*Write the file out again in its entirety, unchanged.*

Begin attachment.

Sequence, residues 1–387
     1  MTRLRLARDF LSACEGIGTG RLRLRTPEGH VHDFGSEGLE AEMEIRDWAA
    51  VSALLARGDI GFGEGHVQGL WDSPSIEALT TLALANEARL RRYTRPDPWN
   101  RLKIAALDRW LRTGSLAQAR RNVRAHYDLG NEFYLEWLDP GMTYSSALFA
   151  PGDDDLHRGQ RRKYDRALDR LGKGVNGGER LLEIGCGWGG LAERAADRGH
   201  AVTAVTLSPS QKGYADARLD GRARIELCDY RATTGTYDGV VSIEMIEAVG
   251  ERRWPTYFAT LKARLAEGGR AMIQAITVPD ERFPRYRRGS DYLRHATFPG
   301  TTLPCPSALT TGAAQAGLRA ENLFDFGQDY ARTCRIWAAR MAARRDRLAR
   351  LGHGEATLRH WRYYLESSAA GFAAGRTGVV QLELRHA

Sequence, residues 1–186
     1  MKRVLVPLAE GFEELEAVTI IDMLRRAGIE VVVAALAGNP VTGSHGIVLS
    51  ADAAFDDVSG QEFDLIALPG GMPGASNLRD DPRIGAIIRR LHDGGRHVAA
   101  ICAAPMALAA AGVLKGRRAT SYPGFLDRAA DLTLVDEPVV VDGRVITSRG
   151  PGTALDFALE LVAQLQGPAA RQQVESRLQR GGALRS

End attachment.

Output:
Sequence, residues 1–387
     1  MTRLRLARDF LSACEGIGTG RLRLRTPEGH VHDFGSEGLE AEMEIRDWAA
    51  VSALLARGDI GFGEGHVQGL WDSPSIEALT TLALANEARL RRYTRPDPWN
   101  RLKIAALDRW LRTGSLAQAR RNVRAHYDLG NEFYLEWLDP GMTYSSALFA
   151  PGDDDLHRGQ RRKYDRALDR LGKGVNGGER LLEIGCGWGG LAERAADRGH
   201  AVTAVTLSPS QKGYADARLD GRARIELCDY RATTGTYDGV VSIEMIEAVG
   251  ERRWPTYFAT LKARLAEGGR AMIQAITVPD ERFPRYRRGS DYLRHATFPG
   301  TTLPCPSALT TGAAQAGLRA ENLFDFGQDY ARTCRIWAAR MAARRDRLAR
   351  LGHGEATLRH WRYYLESSAA GFAAGRTGVV QLELRHA

Sequence, residues 1–186
     1  MKRVLVPLAE GFEELEAVTI IDMLRRAGIE VVVAALAGNP VTGSHGIVLS
    51  ADAAFDDVSG QEFDLIALPG GMPGASNLRD DPRIGAIIRR LHDGGRHVAA
   101  ICAAPMALAA AGVLKGRRAT SYPGFLDRAA DLTLVDEPVV VDGRVITSRG
   151  PGTALDFALE LVAQLQGPAA RQQVESRLQR GGALRS